Santiago Ramón y Cajal, the founding father of modern neuroscience, argued as early as the turn of the twentieth century that the differences between the simplest neural networks and the highly developed mammalian brain was merely like the difference in complexity between a pocket watch and an astronomical watch, even though both show the passage of time.

Later, researchers studying the nervous system, such as Nobel Laureate Eric Kandel, recognized the enormous potential of the nervous system in molluscs (such as snails), and a number of research laboratories working with invertebrates were established worldwide. One of these was the Department of Experimental Zoology at the Balaton Limnological Institute in Tihany, which celebrated its 93rd birthday on July 2 this year, where the great pond snail (Lymnaea stagnalis) has been used as the basis for (neuro)biological research for more than 30 years. This mollusk with a simple nervous system exhibits vertebrate-like behavioral patterns (e.g., nutrition, movement, reproduction, and learning), and the working principle of the ‘brain’ processes responsible for developing behavioral patterns is not fundamentally different from that of vertebrates. At the same time, these ‘brain’ processes in the great pond snail – due to the simple structure of their nervous systems (e.g., fewer and larger, pigmented neurons) – are better suited to study in many ways than those of vertebrate organisms. The body of knowledge available to researchers may yet have significant scientific and innovative potential, for example in research on pollution, drugs, viruses and neurodegenerative diseases.

In order to make these possibilities widely accessible, the Environmental Chemistry and Ecotoxicology Research Group of the Experimental Zoology Department of the Balaton Limnology Institute published a study in the D1-rated eLife journal jointly with British researchers (from the University of Sussex, Brighton, UK) and Dutch colleagues (from the Vrije Universiteit, Amsterdam, the Netherlands). For example, their article argues that scholars have understood many of the basic molecular processes in human learning and memory development through the study of the great pond snail, and that there are genes in the snail (identified by their research team supported by the National Brain Research Program) responsible for aging and the emergence of human neurodegenerative diseases such as Parkinson’s, Alzheimer’s, and Huntington’s diseases (Fodor et al., Invertebrate Neuroscience, 2020, 20:9). The review points out that further investigation of the model organism will provide further information leading to a more precise understanding of the underlying cellular-molecular mechanisms of the most complex brain functions, or even the (neuro)physiological effects of human drug residues on the aquatic ecosystem.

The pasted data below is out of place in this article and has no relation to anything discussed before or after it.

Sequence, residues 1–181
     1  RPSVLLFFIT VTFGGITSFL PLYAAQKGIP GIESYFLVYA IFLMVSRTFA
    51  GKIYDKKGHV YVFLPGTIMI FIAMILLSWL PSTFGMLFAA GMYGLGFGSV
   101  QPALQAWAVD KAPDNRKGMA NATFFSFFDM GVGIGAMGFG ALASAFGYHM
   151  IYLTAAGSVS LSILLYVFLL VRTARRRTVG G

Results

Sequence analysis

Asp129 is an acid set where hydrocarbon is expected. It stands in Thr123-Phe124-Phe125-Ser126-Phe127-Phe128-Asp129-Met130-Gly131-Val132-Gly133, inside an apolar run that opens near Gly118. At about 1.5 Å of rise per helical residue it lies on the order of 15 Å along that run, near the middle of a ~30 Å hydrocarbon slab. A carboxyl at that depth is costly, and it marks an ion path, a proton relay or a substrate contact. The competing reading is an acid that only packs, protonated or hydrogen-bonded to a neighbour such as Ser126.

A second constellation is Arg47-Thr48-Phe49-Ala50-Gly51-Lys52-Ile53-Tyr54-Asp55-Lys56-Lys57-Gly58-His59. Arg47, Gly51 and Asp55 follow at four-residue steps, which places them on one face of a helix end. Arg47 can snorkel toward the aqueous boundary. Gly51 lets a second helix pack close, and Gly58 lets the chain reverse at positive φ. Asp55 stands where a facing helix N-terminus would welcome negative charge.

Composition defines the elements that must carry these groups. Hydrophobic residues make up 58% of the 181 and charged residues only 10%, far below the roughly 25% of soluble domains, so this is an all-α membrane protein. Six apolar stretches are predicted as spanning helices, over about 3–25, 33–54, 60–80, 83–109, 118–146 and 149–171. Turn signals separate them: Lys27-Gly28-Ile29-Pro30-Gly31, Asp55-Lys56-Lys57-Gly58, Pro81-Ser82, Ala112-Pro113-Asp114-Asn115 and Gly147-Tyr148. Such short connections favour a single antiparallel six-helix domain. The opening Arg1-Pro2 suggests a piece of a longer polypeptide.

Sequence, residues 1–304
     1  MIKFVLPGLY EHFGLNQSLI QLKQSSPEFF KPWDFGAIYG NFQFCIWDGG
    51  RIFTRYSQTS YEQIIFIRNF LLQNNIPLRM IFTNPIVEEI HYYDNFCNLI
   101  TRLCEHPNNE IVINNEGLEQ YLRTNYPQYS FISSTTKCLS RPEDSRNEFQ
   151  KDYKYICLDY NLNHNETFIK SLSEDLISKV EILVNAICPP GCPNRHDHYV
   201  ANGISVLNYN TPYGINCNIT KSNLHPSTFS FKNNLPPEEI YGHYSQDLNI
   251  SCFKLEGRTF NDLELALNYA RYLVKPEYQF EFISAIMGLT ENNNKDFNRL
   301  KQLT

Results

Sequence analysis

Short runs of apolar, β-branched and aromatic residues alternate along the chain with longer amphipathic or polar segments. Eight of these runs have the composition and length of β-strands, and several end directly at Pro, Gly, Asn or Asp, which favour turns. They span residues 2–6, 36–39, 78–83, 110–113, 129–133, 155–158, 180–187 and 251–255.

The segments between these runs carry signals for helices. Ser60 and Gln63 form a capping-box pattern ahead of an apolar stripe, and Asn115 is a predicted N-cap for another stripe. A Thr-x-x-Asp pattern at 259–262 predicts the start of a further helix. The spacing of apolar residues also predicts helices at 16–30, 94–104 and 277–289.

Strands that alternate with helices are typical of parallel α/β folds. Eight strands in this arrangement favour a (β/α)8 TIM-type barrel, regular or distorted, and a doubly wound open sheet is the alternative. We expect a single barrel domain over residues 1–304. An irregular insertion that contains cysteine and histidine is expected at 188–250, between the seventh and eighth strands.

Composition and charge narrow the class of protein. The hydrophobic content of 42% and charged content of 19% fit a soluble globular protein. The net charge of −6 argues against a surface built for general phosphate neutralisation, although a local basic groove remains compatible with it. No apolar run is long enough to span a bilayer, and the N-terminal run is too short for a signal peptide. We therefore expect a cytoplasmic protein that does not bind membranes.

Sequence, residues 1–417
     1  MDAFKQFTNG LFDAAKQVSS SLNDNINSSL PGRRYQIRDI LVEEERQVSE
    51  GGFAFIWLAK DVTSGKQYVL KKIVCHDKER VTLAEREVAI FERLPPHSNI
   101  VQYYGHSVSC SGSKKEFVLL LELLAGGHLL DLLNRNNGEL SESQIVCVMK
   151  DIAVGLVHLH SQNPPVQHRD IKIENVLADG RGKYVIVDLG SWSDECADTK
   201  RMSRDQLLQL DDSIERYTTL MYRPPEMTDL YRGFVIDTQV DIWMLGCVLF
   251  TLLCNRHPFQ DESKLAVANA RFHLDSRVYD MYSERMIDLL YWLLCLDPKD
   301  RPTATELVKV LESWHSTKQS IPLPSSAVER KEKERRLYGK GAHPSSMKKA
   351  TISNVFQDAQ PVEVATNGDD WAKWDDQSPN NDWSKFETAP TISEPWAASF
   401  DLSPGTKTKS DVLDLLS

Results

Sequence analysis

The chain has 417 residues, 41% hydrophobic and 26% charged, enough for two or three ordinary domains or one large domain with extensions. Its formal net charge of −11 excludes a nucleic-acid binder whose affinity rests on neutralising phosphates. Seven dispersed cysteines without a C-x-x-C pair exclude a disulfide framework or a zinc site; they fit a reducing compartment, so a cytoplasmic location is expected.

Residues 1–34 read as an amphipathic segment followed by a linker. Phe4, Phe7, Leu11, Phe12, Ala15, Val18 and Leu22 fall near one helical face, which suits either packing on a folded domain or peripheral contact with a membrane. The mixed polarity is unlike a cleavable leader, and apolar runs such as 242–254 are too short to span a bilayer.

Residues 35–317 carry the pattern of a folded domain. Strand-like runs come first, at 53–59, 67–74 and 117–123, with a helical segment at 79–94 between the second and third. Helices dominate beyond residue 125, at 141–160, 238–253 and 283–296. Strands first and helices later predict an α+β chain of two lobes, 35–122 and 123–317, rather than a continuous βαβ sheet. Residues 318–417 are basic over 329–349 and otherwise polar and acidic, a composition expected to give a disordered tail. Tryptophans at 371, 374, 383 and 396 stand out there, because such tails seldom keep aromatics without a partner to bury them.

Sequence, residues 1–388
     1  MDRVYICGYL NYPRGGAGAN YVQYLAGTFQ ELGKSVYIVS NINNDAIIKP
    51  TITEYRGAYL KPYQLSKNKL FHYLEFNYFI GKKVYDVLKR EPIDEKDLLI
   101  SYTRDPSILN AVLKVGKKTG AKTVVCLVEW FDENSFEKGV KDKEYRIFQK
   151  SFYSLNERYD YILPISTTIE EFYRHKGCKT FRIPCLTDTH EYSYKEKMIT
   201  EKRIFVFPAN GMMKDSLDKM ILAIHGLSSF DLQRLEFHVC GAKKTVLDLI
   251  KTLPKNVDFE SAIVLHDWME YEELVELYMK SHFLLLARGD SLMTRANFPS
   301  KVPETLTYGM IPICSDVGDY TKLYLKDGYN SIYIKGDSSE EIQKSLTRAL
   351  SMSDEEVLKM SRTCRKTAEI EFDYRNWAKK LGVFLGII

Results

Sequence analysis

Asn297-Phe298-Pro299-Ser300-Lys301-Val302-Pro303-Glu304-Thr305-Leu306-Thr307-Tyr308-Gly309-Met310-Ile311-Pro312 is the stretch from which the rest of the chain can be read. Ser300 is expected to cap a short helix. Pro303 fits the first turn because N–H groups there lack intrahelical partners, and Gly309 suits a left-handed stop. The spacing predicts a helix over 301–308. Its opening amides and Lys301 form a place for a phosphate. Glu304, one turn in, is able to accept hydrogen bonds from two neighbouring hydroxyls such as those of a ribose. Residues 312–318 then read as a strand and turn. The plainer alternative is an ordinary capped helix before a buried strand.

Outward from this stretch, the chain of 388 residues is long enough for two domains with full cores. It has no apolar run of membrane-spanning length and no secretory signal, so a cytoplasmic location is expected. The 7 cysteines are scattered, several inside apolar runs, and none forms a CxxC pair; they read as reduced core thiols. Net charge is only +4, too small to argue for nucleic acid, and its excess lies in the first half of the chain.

Contact: Dr Zsolt Pirger, pirger.zsolt[at]okologia.mta.hu